How many black philosophers were you taught by? How many have you read? Chances are, the answer to both of these questions is ‘none’. Clearly our profession has problems with the underrepresentation of groups other than women. The good news is that the issue of underrepresentation of all minorities – both in philosophy, and in academia more widely – is starting to gain traction in the UK.

Complete equality in philosophy won’t happen overnight, but the efforts of groups like SWIP UK and Feminist Philosophers have shown that a large impact can be made in just a few years. (Take the Gendered Conference Campaign, which has pushed the issue of gender representation to the top of the list of priorities of most conference organisers). Now is the time for all of us to to think about all minorities in philosophy. Think of any undergraduates you know who aren’t white, male, able-bodied, middle-class native speakers… If we start to make changes to redress the balance in our profession now, then by the time they are ready to go on the job market they could be assessed completely fairly, on the basis of their philosophical ability, rather than partially (and implicity, but unfairly) on whether they fit an outdated stereotype of what a philosopher looks like. That would make philosophy better for everyone.

With this in mind, we have two exciting pieces of news for you – one is about the EWPG, and one is about PPLS and the University more widely.

First up, we are very pleased to announce that the EWPG has had our application to become a MAP Chapter accepted. If you haven’t heard of MAP then check out mapforthegap.com – in short, they (we?!) are a group of students who aim to “examine and address issues of minority participation in academic philosophy”. The EWPG are now one of the very first MAP chapters in the UK (scroll down to the bottom of this page to see us alongside Glasgow and KCL). I have no doubt that there will be plenty more joining us, and the dozens of US Chapters, soon.

Historically (and for good reasons) the EWPG has focused mainly on women in philosophy, but as we’ve recently been making an effort to expand our focus to include all underrepresented groups, this partnership with MAP is a great thing.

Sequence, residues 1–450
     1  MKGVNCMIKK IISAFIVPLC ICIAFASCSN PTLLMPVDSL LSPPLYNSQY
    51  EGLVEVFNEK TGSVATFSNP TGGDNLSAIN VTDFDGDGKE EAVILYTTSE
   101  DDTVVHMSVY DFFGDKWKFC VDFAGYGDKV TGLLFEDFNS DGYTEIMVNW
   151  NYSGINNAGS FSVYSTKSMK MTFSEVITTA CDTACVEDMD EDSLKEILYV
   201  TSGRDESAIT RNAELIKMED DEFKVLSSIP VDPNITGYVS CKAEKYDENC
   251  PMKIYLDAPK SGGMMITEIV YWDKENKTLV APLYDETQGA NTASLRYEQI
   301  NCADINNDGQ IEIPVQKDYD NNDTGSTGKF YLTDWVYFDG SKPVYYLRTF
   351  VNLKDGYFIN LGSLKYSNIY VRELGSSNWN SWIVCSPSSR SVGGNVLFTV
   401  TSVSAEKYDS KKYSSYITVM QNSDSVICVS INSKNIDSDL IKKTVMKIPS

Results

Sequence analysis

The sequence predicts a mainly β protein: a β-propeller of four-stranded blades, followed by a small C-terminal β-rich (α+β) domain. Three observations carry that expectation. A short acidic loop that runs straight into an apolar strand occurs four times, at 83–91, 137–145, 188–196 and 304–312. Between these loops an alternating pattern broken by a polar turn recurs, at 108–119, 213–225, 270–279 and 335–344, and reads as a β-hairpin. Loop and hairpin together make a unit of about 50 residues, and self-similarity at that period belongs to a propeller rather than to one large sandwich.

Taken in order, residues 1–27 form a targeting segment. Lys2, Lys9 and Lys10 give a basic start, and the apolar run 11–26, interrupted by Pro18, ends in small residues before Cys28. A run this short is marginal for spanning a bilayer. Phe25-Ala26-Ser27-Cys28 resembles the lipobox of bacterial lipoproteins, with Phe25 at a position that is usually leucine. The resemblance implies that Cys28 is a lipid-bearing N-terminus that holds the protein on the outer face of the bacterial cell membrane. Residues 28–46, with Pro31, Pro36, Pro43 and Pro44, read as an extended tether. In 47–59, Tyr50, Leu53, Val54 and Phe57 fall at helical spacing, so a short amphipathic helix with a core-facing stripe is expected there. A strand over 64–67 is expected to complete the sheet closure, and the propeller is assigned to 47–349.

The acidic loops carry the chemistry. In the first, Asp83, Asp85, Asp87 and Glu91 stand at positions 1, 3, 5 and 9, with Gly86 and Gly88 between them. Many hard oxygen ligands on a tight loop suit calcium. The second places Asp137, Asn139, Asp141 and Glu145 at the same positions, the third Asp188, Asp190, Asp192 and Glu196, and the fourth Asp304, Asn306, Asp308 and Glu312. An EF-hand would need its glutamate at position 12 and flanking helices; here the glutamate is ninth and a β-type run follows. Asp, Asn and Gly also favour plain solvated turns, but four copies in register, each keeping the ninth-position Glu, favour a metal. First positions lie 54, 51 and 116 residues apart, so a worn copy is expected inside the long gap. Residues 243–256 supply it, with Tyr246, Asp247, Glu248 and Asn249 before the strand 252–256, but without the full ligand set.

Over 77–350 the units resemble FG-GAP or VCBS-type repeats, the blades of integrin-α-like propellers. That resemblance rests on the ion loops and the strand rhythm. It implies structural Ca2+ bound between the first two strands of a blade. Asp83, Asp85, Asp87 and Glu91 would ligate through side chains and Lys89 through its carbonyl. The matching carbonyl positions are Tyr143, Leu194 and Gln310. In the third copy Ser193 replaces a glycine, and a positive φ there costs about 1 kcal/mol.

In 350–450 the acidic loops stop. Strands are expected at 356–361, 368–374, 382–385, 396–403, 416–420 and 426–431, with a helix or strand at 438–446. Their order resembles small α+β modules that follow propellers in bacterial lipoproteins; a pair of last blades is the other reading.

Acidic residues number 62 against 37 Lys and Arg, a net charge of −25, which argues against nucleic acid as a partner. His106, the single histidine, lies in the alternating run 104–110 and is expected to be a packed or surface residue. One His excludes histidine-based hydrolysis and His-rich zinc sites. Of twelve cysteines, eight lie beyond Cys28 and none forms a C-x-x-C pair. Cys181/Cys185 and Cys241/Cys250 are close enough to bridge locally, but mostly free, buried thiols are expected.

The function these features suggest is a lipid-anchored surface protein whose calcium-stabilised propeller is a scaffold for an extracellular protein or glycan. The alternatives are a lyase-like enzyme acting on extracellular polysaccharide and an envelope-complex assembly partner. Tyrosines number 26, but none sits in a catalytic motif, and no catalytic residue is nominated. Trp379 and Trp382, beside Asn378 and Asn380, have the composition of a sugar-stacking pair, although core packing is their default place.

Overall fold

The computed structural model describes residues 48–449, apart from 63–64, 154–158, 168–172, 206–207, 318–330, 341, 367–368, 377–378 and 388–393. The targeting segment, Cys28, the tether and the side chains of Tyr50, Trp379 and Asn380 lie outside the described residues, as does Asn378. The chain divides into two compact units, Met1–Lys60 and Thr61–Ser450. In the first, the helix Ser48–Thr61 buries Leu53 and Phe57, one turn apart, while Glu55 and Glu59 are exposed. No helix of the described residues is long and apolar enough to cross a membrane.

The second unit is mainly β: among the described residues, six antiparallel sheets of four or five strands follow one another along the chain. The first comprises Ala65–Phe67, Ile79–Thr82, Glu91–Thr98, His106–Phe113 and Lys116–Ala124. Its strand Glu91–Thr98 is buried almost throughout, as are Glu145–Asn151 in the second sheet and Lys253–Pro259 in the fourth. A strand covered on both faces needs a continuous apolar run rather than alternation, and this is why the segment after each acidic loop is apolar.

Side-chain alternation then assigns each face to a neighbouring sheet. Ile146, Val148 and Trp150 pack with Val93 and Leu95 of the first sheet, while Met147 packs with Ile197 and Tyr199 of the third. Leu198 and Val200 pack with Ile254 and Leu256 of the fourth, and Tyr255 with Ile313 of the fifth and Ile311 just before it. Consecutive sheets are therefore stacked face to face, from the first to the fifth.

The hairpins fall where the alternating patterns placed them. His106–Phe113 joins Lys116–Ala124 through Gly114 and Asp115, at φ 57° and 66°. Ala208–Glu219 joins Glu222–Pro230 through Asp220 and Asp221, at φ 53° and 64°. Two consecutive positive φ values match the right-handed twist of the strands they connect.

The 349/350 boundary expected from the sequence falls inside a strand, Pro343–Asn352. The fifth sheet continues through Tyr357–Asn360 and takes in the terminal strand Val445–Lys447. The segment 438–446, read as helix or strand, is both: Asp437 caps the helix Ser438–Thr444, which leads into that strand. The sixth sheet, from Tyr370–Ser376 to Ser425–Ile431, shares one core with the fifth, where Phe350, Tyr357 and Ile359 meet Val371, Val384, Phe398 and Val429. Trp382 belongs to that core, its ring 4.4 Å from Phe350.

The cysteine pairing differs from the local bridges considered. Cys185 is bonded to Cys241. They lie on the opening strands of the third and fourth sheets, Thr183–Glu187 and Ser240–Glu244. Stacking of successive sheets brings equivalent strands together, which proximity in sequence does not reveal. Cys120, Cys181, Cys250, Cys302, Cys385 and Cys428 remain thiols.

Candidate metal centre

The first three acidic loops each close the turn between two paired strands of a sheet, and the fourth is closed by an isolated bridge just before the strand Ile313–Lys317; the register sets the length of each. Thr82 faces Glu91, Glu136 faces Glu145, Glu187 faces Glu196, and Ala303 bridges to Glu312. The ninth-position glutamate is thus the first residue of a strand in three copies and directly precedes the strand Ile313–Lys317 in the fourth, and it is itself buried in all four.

The second piece of news is that the University of Edinburgh is one of the first universities to apply for the Equality Challenge Unit’s new Race Equality Charter Mark. To earn this award the University will need to identify the barriers to equality that it contains, and to create an action plan to address them. If, or when, an award is made, the University will be required to regularly review and update this action plan. This, too, is a great thing, and should eventually mean greater inclusivity and diversity throughout the University. But it can only make a difference if the University is properly informed about what barriers to equality exist. In order to understand this they need your help, so please do the following three things:

  • Fill out the Race Equality Survey. There are only a few days left to do this, and it just takes ten minutes. Do it now!
  • Keep an eye out for emails inviting you to the PPLS lunchtime workshops on Equality and Diversity. This series is open to all staff and students in PPLS (including faculty, support staff, UGs and PGs), and will address each of the nine Protected Characteristics identified by the Equality Act 2010. The first workshop addressed the characteristic Race, and participants had the opportunity to discuss different “Race Labels”. You can contact Billy Lee for further information.
  • Share this post with your colleagues and (fellow) students, and encourage as many people as possible to fill out the survey and attend the lunchtime workshops.

The EWPG still has a lot to learn, and we hope that by being involved with MAP, and with initiatives that the University run for the Race Equality Charter Mark, we can get better at representing all different groups within philosophy. We need your help to do this as well though. Please talk about what we’re doing with other students and staff, and, as always, if you would like to get involved with the EWPG or the blog in any way, or if you have any suggestions for us, then please feel free to get in touch. We would love to hear from you.